Academic journal article Educational Research for Social Change

On Bernstein's Sociology of Pedagogy and How It Can Inform the Pedagogic Realisation of Poor and Working-Class Children in South African Primary Maths Education

Academic journal article Educational Research for Social Change

On Bernstein's Sociology of Pedagogy and How It Can Inform the Pedagogic Realisation of Poor and Working-Class Children in South African Primary Maths Education

Article excerpt


This article illustrates the social-class assumptions in the South African primary maths education as encapsuled in the ' restructured Curriculum and Assessment Policy Statements (DBE, 2011a, 2011b). Reflecting on an earlier curriculum analysis study (Pausigere, 2014), it argues that middle-class social ideologies are dominant in the local primary maths pedagogic practices, and explains how such class-based interests can be interrupted to ensure learning for all children. Drawing from Bernste ' 9 5 98 , 1990, 2000) broader sociology of education theory and, specifically, from his central arguments about the social-class nature of pedagogy, and using the concept of framing, the paper explains how middle-class forms of consciousness, experiences, and interests are evident in local primary maths pedagogic practices as revealed in curriculum policy documents. The paper discusses ways of interrupting such middle-class cultural reproduction ideologies and, in the process, of enabling the pedagogical recognition of working-class and disadvantaged learners in South African primary maths classes.

Generally, social-class inequalities in South African primary maths education have been noted (Fleisch, 2008; Graven, 2014; Hoadley; 2007; Taylor, 2007). Official statistics confirm that well over half, that is, 55,7% of local children live in poverty-stricken households (Statistics South Africa, 2014), with South Africa described as having the highest and most extreme levels of social and economic inequalities in the world (Fleisch, 2008; Graven, 2014). Large-scale national research from the DBE's 2001 and 2007 systemic evaluations (DBE, 2008), interpretation of data from the 1999, 2003, and 2013 Trends in International Mathematics and Science Studies (Reddy et al., 2015), and the 2012- 2014 Annual National Assessment (ANA) reports (DBE, 2012, 2013, 2014), cite educational inequality as a critical issue. Of the socioeconomic factors suggested as causing differentiation in education (Fleisch, 2008; Graven, 2014), this paper is interested in how the social base of pedagogic relations influences acquisition amongst different learners. Attempts have been made to specify the type of primary maths knowledge that ensures equity (Hoadley, 2007; Pausigere, 2015). Closely related to this article's review is Hoadley's (2008) work, which explains how social-class differences are reproduced, pedagogically, in local literacy classes. Both the Hoadley (2008) study and related work in Australia (Rose, 2004), England (Arnot & Reay, 2004), and Portugal (Morais, Neves, & Pires, 2004) show how particular pedagogic practices can overcome the effect of children's social backgrounds. However, there have been no specific appraisals on how primary maths pedagogies differentiate learners and reproduce inequalities.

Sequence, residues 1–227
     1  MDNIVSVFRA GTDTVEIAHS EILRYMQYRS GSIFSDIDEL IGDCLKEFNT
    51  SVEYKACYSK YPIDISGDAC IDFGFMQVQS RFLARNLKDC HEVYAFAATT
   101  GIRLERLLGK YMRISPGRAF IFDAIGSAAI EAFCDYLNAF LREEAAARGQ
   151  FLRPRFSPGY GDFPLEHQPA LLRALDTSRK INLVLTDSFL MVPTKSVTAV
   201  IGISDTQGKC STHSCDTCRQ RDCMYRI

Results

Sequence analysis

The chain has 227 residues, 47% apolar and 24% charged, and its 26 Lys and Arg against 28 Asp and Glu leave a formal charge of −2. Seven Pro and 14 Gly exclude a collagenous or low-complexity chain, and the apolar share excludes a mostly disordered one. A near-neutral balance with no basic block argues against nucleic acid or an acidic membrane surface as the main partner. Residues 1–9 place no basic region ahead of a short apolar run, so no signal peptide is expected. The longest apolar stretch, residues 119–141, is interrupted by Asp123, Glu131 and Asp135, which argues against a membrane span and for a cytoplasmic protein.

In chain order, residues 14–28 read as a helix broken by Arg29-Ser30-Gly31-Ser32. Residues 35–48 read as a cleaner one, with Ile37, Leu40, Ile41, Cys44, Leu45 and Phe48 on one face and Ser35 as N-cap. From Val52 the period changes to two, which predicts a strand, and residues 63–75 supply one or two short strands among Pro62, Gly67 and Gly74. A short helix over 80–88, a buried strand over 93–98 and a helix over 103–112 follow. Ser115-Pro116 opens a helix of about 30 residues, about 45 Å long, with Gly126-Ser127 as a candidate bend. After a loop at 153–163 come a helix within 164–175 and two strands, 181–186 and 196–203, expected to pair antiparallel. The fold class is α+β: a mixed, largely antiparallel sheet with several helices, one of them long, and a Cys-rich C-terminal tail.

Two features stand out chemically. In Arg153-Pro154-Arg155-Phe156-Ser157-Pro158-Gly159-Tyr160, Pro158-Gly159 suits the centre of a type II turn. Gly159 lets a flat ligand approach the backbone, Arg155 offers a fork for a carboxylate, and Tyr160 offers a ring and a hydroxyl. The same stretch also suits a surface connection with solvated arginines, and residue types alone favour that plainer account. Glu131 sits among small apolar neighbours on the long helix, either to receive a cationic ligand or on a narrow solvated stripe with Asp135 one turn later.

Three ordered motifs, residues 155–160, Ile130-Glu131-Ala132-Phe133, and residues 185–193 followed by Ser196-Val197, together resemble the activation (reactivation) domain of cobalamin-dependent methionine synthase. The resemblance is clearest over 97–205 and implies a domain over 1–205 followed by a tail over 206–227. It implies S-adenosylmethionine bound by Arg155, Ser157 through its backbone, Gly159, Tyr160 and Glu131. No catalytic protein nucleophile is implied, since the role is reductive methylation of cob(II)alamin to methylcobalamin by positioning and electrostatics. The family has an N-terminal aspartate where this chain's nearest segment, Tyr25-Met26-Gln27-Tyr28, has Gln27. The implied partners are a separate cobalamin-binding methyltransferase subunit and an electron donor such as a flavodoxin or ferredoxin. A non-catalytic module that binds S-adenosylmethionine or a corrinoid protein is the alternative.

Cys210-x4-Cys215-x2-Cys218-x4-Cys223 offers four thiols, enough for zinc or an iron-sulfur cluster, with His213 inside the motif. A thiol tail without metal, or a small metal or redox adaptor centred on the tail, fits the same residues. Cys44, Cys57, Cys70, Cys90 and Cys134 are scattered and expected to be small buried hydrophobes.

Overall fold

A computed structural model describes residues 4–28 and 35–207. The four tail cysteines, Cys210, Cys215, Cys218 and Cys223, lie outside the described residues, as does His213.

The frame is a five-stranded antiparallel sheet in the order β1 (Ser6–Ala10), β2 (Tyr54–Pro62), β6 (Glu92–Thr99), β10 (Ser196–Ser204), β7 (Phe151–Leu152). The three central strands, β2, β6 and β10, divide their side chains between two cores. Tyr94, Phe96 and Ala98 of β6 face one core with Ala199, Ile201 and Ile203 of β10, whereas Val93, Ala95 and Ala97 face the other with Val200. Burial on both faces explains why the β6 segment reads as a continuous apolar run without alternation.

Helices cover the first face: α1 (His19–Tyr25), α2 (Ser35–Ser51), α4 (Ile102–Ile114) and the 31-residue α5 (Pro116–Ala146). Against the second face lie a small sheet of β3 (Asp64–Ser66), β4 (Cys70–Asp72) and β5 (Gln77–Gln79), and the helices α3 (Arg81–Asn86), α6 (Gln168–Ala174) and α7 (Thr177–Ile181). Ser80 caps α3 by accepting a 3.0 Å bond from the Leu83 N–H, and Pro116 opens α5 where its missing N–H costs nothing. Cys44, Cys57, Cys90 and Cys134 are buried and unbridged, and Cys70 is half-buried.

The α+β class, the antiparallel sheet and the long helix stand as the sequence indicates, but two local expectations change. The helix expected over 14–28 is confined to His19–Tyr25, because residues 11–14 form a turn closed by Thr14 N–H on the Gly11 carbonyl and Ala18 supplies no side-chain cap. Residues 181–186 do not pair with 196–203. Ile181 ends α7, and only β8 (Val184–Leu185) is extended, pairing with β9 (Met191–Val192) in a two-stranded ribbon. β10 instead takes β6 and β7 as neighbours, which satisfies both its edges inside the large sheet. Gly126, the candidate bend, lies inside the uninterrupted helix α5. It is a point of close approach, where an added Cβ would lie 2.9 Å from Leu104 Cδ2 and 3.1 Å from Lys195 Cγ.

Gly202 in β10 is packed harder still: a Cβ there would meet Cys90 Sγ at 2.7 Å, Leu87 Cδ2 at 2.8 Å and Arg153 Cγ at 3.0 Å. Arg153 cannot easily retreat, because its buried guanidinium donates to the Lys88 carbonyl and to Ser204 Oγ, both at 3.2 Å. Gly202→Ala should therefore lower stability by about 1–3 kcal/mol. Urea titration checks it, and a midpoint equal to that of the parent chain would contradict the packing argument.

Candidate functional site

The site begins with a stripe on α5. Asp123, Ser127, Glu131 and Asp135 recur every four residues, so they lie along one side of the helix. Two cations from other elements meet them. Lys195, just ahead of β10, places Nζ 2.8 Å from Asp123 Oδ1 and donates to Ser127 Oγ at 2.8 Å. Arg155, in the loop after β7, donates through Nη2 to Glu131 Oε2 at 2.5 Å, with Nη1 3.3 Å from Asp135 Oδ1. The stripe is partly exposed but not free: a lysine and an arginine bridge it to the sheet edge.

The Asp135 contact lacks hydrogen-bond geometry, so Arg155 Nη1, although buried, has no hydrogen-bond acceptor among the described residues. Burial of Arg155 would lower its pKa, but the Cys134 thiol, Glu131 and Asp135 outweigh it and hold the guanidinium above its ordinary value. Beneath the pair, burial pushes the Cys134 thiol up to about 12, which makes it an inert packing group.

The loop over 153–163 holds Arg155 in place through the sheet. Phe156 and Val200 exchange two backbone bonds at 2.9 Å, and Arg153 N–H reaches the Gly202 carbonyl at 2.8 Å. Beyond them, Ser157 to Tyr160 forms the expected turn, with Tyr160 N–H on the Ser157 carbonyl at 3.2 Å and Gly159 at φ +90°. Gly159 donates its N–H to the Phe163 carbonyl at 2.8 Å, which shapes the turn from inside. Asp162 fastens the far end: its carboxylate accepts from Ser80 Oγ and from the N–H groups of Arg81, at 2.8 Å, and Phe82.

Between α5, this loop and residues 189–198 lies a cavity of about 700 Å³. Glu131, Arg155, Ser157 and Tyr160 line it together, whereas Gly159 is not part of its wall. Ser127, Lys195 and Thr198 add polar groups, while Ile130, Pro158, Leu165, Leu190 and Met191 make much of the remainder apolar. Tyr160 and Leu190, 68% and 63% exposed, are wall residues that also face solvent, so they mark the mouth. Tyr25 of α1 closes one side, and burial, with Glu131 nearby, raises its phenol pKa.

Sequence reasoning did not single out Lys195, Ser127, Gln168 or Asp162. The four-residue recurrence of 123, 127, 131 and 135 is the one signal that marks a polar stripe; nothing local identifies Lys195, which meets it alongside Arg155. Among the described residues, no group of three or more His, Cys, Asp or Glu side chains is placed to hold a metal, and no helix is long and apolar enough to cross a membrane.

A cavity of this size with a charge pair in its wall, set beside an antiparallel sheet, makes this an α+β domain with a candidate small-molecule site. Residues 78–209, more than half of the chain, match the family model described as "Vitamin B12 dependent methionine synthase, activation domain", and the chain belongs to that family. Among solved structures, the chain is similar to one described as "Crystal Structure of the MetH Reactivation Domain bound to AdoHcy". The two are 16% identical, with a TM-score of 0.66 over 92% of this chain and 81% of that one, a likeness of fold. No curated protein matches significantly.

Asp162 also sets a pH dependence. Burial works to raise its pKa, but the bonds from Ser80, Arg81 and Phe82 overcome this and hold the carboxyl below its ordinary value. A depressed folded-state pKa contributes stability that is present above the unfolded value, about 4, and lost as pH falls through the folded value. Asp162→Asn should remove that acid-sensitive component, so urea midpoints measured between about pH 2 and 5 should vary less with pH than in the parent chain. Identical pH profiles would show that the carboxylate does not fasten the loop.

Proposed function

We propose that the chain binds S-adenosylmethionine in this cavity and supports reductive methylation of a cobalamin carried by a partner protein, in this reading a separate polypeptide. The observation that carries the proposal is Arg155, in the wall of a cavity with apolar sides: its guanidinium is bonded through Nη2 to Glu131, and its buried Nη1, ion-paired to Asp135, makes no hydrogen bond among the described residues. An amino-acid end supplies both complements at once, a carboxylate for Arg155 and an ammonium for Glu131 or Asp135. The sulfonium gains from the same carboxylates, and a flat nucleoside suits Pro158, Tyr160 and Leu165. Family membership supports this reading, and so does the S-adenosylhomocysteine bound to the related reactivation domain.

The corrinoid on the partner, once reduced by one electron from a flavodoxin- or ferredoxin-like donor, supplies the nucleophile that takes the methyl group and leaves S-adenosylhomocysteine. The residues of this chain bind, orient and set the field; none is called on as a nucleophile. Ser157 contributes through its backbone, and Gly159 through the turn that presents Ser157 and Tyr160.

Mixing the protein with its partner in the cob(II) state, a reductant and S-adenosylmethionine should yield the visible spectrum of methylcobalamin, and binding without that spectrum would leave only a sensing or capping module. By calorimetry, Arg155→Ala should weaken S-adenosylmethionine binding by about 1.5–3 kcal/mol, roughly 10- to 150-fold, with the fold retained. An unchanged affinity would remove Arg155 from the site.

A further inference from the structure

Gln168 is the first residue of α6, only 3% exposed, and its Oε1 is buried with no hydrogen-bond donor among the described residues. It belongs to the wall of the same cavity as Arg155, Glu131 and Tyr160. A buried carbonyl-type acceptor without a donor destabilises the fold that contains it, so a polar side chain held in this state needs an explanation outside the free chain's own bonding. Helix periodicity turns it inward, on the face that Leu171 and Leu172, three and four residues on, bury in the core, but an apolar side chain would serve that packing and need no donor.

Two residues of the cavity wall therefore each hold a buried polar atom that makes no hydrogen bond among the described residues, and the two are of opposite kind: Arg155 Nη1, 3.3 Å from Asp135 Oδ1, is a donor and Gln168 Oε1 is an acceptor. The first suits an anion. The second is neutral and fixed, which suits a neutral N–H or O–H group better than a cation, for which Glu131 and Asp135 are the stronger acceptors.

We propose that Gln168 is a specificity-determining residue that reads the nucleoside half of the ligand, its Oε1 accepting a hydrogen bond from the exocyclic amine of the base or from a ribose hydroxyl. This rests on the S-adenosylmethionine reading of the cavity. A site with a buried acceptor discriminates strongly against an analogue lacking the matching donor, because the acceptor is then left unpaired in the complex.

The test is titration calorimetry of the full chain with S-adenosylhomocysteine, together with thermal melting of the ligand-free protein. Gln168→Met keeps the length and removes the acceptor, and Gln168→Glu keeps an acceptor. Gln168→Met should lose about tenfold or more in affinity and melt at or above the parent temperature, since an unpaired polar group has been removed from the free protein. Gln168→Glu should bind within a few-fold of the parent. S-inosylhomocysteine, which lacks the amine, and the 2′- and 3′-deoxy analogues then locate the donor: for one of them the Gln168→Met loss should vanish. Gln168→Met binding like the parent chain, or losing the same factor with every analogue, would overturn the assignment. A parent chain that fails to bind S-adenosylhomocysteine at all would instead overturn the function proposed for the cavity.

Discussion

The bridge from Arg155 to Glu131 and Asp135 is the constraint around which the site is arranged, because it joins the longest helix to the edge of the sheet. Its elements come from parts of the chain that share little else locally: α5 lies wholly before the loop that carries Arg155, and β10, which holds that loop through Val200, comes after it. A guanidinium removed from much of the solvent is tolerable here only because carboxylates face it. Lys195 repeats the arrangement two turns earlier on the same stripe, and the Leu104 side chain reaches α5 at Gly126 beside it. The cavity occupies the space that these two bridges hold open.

The local social-class-disparities background, relevant educational literature reviews, and sociological theoretical perspectives have prompted this paper to investigate how local primary maths pedagogic practices offer unequal chances of acquisition for children from disadvantaged social classes-and to provide strategies for interrupting such propensities. Thus, this article is informed by three key research review questions:

* What are the social-class assumptions underpinning South African primary maths pedagogic practices promoted in the curriculum?

* How might pedagogic practices be changed to enable increased access to learning for all children?

* Which educational strategies might help learners of different social backgrounds cope with the strong sequencing and pacing requirements in the South African primary maths curriculum?

These review questions, and the educational knowledge code category of pedagogic framing and how it relates to social class, help structure the ensuing discussion in this paper. Thus, this article argues for the need for responsive pacing and mixed pedagogies that reflectively connect and profoundly relate with the nature of the mathematical concepts to be taught. …

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